LMP2231 micro-power op-amp is used for making the comparator section. Also very low Vgs (gate threshold voltage) MOSFET PMV30UN is used for driving it into saturation region once the voltage threshold is crossed. Also the voltage reference is a micro-power device. So overall the

      active charge balancing circuit consume negligible power in standby mode.

  5. Conclusion

The paper demonstrates two topologies for an arrangement for low power energy harvesting and supercapacitor storage device for powering small electronic gadgets. Advantages and disadvantages of both the topologies are discussed. Charge balancing circuits must be used whenever we connect supercapacitors in series. Active charge balancing circuits are superior in performance than their passive counterparts. The energy absorbing ability of this arrangement is much better than battery based energy storage systems in energy harvesting. The arrangement can be used for off grid applications in remote areas. Future work includes developing regenerative brakes for bicycle for urban use where frequent braking is required. So, whenever brakes are applied on a busy road the energy is recovered back in the supercapacitor Bank instead of getting wasted in the brakes.

10. References

  1. Yildiz, F. Low Power Ambient Energy Harvesting, Conversion, and Storage Circuits Information Technology: New Generations, 2009 ITNG '09. Sixth International Conference on 27-29 April 2009.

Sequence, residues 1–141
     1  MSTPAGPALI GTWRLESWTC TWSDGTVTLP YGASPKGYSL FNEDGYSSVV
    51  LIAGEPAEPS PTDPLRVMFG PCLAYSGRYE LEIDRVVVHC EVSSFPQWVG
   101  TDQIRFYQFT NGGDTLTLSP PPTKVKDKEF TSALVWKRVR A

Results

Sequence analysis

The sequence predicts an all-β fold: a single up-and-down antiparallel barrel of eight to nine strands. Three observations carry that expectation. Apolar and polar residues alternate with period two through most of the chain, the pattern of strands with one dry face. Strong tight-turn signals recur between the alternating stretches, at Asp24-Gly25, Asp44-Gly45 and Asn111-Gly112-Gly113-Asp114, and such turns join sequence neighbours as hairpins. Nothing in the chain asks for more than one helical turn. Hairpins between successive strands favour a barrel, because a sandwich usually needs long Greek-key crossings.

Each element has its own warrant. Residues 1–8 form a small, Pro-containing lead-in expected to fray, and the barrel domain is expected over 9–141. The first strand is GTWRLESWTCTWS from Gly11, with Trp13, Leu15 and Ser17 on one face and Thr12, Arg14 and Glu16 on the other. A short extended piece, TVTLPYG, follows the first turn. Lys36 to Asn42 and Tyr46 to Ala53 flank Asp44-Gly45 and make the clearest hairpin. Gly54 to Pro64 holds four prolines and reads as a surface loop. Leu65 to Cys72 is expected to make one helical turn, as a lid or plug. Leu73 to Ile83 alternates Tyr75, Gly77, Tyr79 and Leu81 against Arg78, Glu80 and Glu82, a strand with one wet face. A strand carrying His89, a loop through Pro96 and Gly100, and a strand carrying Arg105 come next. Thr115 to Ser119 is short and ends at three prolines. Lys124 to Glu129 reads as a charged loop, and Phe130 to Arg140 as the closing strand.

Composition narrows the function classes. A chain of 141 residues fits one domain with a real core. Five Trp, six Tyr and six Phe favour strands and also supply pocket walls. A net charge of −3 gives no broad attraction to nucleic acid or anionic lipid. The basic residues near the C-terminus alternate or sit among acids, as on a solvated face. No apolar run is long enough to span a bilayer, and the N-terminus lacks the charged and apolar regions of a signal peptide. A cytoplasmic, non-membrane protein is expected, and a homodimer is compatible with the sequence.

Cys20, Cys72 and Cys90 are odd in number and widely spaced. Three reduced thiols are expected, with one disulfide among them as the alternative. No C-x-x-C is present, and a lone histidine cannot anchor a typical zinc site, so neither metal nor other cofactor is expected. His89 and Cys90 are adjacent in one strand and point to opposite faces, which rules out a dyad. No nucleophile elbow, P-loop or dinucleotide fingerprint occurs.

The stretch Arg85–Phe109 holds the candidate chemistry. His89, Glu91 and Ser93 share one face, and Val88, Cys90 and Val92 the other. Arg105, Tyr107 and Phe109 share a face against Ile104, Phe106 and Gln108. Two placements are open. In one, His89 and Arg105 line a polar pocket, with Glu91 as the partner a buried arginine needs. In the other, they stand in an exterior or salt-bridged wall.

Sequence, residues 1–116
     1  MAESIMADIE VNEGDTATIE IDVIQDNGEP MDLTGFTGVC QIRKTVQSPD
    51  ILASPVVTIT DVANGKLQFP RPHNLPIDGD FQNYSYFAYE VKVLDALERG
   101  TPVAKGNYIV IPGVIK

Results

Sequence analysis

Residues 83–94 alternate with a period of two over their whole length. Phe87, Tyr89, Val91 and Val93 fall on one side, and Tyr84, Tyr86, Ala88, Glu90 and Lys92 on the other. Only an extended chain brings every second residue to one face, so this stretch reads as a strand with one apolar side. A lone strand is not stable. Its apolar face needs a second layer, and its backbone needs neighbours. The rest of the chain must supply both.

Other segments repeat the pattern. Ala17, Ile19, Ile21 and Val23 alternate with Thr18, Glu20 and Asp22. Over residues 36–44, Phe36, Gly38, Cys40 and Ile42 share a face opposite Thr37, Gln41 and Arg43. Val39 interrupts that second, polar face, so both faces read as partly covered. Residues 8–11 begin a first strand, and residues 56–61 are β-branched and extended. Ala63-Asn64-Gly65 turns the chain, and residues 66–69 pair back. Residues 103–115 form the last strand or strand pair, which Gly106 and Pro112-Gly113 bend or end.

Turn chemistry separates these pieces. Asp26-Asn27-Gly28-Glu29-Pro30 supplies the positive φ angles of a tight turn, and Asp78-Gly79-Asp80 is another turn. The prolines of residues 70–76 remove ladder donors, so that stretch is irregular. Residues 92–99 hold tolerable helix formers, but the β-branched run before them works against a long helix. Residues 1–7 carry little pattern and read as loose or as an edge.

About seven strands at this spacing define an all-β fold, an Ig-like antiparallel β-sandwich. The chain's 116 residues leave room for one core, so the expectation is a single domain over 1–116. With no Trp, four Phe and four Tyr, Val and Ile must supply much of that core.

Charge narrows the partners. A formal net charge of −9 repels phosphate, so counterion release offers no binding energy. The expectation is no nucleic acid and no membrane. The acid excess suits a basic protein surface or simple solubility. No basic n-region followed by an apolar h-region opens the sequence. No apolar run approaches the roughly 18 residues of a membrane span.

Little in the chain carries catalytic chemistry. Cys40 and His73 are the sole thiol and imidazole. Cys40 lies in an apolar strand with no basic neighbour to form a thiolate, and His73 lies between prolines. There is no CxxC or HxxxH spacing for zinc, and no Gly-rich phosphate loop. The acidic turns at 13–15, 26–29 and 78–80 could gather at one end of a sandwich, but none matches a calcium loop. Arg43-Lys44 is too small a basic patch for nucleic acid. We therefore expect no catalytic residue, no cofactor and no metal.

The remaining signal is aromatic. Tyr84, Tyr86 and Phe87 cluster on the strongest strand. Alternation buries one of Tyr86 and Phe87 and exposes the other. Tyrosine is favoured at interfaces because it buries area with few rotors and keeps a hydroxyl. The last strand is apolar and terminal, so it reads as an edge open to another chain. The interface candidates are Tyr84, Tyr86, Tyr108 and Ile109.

2. Paradiso, J.A.; Starner, T. Energy scavenging for mobile and wireless electronics, Publication Year: 2005, IEEE Journals & Magazines.

  3. T. Starner and J.A. Paradiso, Human- Generated Power for Mobile Electronics, Low- Power Electronics Design, C. Piguet,ed., CRC Press, 2004, chapter 45, pp. 135.

  4. Yildiz, F. Potential Ambient Energy- Harvesting Sources and Techniques The Journal of Technology Studies

  5. Thounthong, P.; Davat, B.; Rael, S. "Drive friendly Power and Energy Magazine, IEEE Volume: 6, Issue: 1 Publication Year: 2008, IEEE Journals & Magazines.

  6. Farhan I. Simjee, Member, IEEE, and Pai H. Chou, Member, IEEE Efficient Charging of Supercapacitors for Extended Lifetime of Wireless Sensor Nodes IEEE Transactions on Power Electronics, Vol. 23, No. 3, May 2008

  7. Dirk Linzen, Stephan Buller, Eckhard Karden and Rik W. De Doncker, Analysis and Evaluation of Charge-Balancing Circuits on Performance, Reliability, and Lifetime of Supercapacitor Systems: IEEE Transactions on Industry Applications, Vol. 41, September/October, NO. 5, 2005

  8. Manish Anand, A. M. Nagaraj, Low Power Energy Harvesting & Supercapacitor Storage IOSR-JEEE Journal Volume 6, Issue 4.

  9. Ned Mohan, Tore.M. Undeland and William. P Robbins, Power Electronics converters,

    Applications and Design, John Wiley and Sons, 3rd Edition, 2002.

  10. Rashid M.H., Power Electronics Circuits Devices and Applications, Prentice Hall India, 3rd Edition, 2005.